Here in the Midwest, we have a two phase snow storm resulting in about 16 inches of the white stuff. In addition were winds to creat blizzard conditions. Drifting resulted in hip high drifts, wich makes operating a shovel or a snow blower a matter of skill and imagination.
The media has been using two expressions for this storm: Snowpocalypse and Snowmageddon. Both of these are Biblical allusions. Also, one hears when there are natural events of great power and which are usually destructive that they are “of Biblical proportions.”
Apocalypse is the name of the book of Revelation – it is a Greek term that means “to unveil” or “to reveal.” There is a literary style called “apocalyptic”. The book of Revelation contains elements of that style, along with that of the Prophetic. What is typical of the Apocalyptic is that it uses very figurative imagery to depict the spiritual realm and its breaking into normal history. The book of Revelation has Four Horsemen and various Angels pouring out or calling down plagues, famines, earthquakes and the like.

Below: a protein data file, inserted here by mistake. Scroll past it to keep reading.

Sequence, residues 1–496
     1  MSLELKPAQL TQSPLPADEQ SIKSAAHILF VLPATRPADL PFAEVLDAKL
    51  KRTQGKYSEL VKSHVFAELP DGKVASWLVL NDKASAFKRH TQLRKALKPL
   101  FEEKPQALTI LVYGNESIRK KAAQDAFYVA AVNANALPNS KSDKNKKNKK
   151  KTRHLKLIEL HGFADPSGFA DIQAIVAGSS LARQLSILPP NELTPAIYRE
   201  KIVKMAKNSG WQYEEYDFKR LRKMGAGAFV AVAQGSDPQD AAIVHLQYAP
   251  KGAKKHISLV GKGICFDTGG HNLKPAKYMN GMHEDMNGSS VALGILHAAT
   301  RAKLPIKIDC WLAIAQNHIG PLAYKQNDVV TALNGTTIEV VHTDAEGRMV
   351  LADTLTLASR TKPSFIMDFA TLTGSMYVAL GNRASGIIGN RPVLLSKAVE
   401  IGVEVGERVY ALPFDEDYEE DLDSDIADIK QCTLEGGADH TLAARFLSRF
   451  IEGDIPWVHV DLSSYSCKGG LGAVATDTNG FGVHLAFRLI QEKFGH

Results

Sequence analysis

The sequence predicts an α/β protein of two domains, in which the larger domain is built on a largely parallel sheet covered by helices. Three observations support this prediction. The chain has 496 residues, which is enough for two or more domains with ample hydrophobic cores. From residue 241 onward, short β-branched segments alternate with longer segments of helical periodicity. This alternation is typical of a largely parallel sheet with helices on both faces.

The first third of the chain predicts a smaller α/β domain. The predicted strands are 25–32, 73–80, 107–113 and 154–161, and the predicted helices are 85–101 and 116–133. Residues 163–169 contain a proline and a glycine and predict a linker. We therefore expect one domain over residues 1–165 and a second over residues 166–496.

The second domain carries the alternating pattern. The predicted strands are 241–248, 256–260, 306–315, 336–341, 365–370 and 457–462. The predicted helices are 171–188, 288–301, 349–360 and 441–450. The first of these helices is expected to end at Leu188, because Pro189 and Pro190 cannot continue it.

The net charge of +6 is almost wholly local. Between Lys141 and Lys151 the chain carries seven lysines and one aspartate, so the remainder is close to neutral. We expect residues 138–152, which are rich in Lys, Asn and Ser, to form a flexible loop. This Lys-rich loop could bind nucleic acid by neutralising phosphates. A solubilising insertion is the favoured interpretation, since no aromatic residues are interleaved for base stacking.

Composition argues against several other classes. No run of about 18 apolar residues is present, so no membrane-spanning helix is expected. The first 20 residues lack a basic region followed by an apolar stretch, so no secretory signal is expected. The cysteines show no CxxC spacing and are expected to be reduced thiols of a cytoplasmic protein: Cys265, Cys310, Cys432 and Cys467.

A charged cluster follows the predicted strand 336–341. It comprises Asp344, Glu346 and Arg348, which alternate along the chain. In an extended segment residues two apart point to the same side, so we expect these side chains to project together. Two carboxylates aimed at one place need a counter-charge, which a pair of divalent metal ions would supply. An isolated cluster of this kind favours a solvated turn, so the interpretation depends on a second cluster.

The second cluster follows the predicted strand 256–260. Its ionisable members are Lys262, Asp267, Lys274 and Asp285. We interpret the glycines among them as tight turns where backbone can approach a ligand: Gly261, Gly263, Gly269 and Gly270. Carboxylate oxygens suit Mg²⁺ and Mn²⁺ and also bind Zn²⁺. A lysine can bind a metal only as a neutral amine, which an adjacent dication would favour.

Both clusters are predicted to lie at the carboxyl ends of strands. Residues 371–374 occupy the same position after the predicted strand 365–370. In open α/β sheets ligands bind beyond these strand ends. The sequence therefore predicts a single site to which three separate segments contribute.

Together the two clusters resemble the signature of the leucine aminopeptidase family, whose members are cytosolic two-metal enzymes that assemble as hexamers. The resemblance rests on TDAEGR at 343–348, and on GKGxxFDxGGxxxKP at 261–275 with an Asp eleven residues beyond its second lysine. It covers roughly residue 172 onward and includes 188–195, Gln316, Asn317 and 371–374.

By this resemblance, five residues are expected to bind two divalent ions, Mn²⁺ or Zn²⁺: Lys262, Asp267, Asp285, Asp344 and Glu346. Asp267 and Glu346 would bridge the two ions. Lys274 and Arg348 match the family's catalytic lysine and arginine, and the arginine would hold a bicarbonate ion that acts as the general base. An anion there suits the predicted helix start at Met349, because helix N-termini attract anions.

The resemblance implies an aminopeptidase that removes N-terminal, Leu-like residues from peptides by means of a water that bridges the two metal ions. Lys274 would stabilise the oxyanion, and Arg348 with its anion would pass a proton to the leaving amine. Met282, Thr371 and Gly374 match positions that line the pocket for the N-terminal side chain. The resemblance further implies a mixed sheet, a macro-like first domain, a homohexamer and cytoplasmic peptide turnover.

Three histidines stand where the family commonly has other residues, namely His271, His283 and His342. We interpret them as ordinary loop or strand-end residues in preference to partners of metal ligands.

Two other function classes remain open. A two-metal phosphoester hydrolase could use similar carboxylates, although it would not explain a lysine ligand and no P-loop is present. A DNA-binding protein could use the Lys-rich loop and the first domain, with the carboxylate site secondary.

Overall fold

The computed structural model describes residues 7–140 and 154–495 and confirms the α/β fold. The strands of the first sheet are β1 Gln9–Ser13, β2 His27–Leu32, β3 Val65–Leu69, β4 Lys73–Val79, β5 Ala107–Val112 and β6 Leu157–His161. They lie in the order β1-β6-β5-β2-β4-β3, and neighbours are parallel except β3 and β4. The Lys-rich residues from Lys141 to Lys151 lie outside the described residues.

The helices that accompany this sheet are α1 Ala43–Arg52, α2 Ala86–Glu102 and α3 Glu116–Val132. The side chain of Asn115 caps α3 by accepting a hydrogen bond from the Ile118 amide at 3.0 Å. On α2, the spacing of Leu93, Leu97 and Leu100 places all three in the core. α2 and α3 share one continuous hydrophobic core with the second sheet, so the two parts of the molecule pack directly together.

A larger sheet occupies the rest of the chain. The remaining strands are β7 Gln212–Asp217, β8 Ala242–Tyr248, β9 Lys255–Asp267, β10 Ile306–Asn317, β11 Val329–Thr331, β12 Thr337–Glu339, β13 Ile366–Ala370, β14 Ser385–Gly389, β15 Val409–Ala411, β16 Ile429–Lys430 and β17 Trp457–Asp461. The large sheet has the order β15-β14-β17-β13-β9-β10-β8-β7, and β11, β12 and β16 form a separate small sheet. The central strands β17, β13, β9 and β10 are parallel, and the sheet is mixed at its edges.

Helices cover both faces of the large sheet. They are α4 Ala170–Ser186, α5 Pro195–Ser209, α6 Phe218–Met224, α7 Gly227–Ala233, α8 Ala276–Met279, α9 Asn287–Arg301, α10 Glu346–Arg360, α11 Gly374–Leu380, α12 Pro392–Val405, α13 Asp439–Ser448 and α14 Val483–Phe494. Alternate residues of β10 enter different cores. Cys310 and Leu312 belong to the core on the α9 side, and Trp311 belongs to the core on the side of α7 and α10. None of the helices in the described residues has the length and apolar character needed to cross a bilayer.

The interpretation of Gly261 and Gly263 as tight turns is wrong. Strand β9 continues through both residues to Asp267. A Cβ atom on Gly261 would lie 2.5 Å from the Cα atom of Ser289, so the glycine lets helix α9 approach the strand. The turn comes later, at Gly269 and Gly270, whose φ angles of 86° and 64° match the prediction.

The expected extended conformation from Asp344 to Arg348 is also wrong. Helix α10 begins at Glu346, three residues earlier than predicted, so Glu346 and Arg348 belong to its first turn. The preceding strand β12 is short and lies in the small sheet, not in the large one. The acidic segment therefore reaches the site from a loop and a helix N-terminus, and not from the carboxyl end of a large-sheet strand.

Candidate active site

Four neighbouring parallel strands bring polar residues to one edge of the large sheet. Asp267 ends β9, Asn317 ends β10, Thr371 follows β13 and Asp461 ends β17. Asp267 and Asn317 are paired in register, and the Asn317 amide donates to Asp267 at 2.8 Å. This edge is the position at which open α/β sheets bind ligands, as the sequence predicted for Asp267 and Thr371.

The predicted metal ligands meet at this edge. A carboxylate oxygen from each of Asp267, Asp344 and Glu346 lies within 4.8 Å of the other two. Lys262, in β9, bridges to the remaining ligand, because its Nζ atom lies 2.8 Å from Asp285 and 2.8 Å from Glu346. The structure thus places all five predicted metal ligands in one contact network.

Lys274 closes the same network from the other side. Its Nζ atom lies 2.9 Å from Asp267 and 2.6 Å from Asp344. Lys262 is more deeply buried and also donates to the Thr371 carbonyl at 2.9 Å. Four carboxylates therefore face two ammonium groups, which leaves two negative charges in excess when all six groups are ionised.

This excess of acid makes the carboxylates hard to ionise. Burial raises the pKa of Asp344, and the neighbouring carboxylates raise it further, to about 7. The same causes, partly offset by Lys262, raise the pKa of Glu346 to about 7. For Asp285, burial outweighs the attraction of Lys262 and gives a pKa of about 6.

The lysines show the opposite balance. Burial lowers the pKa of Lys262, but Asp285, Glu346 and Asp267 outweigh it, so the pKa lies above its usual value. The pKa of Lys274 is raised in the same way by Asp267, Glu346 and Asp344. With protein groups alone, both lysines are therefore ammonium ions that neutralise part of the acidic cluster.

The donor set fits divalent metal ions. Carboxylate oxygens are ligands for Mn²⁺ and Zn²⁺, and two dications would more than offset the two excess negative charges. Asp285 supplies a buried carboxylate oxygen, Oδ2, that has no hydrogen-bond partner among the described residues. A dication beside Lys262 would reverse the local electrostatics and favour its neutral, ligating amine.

Armageddon is the name given to the place in Revelation 16:16. It probably means “hill of Megeddon” . A passage on the defeat of “Gog” at this location is found in Ezekiel 39:1,4.
Here from Wikipedia, for what that is worth: Mount Armageddon is a small mount or hill on which ancient forts were built that guarded the main highway, the Via Maris, that connected Ancient Egypt with Mesopotamia. Megiddo was the location of many decisive battles in ancient times (including one in the 15th century BC and one in 609 BC). The town Megiddo in Israel is approximately 25 miles (40 km) westsouthwest of the southern tip of the Sea of Galilee (or Lake Tiberias to the Romans) in the Kishon River area. (http://en.wikipedia.org/wiki/Armageddon)
So in the collective memory, these terms retain the meaning of “a powerful force of nature unleashed.”
As I was operating my snowblower yesterday, and watched its outshoot come close to being a periscope, I got to thinking that this storm did remind us that we are not as much in control as we would like to be. Even in Wisconsin, where we take pride in our winter driving skills, people cancelled events, stayed home and got lots of exercise moving snow.
Earthquakes,tsunamis, bilzzards, as well as wars, depressions and popular uprisings (recently in Egypt) all are events that show us how tenuous is our control of the world. There is a bit of revelation in that.